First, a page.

Biology 12 has an amazing curriculum. It represents a tour of biochemistry, human body systems (med-school 101), enzymatics, and homeostasis. Creating a project-based learning course required laboratory experiences, discovery learning, and a fair bit of role play as students played the role of Dr. Awesome and evaluated medical scenarios. Once more, screencasts of classroom lessons were provided via YouTube. Combined with eCourse resources (Moodle), eCL Biology 12 had arrived. The goal of eCampusLive is to blend live and online experience and resources and motivate students to apply learning in ways that solve problems and major issues facing society. From infection to tissue and organ regeneration, eCL students are encouraged to think like "TED" and apply STEM to envision and improve the future.
It has been a while since my last post to eCampusLive. After a wonderful summer in 2014, the fall was a turbulent one. There was a BC teacher strike followed by a late start. eCampusLive Biology12 was offered alongside three other courses, providing a great challenge in posting updates... until now. Yes, I now have a preparatory period ;)
eCL Biology 12 was the first time College Heights Secondary School and SD57 offered a blended and project-based learning course for Biology 12. It felt a lot like laying down the "yellow-brick road" on the way to the Emerald City of Oz. A course that provides a tour or biochemistry, enzymatics, homeostasis, and human body systems hadn't been offered in this fashion before. It was an awesome challenge and very rewarding to create this new course. Screencasting lessons presented a perennial challenge, but I'd like to thank the fine folks at Camtasia for making it a lot easier to create YouTube content.
After eCampusLive's Biology 11 course, we were quite excited to offer eCL Biology 12. And, students from Biology 11 were excited as well. The class roster had expanded. Many students from eCL Biology 11 enrolled in eCL Biology 12.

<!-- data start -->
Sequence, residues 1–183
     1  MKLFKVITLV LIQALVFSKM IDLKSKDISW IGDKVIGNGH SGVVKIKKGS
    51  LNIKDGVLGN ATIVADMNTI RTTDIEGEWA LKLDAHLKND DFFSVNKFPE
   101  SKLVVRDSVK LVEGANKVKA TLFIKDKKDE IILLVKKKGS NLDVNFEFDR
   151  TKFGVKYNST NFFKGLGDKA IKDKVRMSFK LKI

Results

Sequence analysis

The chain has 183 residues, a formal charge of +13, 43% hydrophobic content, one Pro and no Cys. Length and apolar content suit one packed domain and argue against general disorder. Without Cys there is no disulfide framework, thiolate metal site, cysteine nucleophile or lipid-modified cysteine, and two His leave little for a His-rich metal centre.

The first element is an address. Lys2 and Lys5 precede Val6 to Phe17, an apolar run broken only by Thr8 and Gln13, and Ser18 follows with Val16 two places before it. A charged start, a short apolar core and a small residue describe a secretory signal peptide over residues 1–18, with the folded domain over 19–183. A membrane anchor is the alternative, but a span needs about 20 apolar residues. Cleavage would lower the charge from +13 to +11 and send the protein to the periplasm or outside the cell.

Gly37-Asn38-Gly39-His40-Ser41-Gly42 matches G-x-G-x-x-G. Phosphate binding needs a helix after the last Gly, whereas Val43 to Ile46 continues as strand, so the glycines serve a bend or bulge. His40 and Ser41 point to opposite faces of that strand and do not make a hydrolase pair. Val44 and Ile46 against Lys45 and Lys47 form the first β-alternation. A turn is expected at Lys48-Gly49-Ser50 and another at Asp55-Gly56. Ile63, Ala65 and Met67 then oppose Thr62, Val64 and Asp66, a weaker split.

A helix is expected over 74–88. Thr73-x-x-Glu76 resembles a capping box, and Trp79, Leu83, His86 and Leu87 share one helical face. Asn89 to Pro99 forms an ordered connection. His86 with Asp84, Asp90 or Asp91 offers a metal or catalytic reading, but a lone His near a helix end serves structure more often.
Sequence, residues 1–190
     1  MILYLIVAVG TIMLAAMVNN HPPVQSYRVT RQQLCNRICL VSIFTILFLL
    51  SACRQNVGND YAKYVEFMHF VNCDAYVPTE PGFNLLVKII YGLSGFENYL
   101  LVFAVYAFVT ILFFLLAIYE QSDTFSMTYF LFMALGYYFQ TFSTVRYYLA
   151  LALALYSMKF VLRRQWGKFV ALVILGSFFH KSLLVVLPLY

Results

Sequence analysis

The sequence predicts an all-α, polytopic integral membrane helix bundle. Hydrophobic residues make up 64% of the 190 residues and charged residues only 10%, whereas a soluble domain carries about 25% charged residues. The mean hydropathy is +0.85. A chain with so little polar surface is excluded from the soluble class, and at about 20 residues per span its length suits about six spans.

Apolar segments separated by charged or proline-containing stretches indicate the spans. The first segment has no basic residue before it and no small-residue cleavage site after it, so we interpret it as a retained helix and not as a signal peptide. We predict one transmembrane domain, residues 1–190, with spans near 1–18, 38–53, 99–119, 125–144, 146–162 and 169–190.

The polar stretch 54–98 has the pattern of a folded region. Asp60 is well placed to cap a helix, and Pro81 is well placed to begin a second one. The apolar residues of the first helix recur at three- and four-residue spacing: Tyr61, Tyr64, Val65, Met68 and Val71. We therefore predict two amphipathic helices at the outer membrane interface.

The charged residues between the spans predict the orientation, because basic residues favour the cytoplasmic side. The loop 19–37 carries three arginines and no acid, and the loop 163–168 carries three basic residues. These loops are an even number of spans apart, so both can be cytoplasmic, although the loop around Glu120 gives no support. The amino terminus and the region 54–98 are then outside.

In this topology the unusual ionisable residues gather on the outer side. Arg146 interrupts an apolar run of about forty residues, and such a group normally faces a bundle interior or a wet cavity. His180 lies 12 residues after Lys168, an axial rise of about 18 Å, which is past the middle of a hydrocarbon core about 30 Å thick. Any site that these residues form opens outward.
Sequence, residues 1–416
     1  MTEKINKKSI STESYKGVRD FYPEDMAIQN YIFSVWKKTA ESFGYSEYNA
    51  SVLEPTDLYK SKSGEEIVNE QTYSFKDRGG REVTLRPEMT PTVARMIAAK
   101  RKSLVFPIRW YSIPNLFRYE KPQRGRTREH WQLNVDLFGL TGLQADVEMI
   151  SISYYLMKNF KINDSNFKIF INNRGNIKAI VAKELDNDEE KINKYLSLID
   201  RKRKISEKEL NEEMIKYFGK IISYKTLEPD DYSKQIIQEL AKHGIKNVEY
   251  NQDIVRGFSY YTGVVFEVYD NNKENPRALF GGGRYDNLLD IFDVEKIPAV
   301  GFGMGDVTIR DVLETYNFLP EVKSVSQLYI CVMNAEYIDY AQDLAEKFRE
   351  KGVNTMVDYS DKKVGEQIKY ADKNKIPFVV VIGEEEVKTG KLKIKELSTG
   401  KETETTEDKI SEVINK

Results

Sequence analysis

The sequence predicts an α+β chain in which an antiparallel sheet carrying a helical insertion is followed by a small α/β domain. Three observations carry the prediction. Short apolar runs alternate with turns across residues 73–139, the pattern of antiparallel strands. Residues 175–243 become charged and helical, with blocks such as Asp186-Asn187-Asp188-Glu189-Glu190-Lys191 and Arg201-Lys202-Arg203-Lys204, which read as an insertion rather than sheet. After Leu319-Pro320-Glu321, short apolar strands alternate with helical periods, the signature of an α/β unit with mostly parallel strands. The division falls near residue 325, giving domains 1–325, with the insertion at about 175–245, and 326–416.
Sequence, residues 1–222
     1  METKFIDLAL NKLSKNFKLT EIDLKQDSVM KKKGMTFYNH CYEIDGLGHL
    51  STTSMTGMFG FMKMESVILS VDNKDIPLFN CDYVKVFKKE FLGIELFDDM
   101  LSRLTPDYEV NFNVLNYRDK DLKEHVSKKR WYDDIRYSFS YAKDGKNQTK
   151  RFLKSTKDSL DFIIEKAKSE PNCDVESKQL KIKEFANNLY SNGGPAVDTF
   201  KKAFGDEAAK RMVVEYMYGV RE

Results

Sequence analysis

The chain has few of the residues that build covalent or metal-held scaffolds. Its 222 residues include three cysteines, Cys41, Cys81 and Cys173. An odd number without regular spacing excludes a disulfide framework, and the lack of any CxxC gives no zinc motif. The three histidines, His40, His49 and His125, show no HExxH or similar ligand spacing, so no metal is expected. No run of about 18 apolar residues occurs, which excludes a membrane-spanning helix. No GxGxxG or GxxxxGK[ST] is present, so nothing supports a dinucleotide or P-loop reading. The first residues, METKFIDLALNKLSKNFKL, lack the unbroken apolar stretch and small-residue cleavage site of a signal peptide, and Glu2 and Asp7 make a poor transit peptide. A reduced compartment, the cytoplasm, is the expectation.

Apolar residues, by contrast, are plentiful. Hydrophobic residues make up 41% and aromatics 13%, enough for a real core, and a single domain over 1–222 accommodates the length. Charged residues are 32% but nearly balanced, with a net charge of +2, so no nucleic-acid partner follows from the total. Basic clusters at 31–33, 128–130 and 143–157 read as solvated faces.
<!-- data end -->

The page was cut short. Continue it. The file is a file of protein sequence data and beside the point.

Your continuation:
Over the course of my next posts, it's my goal to tell the tale of eCL Biology 12 at College Heights Secondary. And, it's quite a tale to tell.
Cheers, and thank you for following our blog.
It's the end of the semester and time for our last update. In their final project, students were challenged to create a diorama or a nature scrapbook, reminiscent of the variety featured in the children's cartoon Go Diego Go. When the scrapbook idea was introduced, many of the students were familiar with the cartoon character, his nature explorations, and information gathering that occurs on the show. When final project submissions came in, there were good dioramas and excellent scrapbooks. My diorama shots didn't work out so well and the plasticene critters withered over the weekend. My bad... However, the scrapbooks held up and I've included pictures below. The goal was to summarize habitat, body systems, include a neat Ripley's Believe it or Not Factoid, and relevant issues facing a particular Chordate today. For end of the semester projects (student fatigue at maximum), they were not only fun to mark, but physical projects created with originality, care, and attention to detail. My advice to students was to study any Chordate they had a keen interest in, from Megalodon to Titanoboa, Snow Leopards to Caecilians. Love what you do and study and it won't seem like work, but passionate inquiry. This was the advice I offered throughout the semester. Many students took the notion to heart, and their projects were better for it. Have a look for yourself. I think they did very well as pioneers in the first flipped project-based learning biology class offered at College Heights Secondary.
Final Thoughts ...
Flipping my Biology class was a great decision. In final analysis, what I think was a strength was the flexibility that independent study inquiry brought. Screencasts, a physical text, a digital book, and a Moodle site strewn with resources from flash animations to YouTube links, inter-activities to study guides, web-links, and more provided a strong base to support student inquiry and exploring content. Before offering a flipped class, my Moodle resources had been refined for years, so once the screencasts were done and project ideas began to take shape, flipping the class was a natural next step. Having a strong foundation was a smart move, one that becomes better with reflection and refinement that come with time.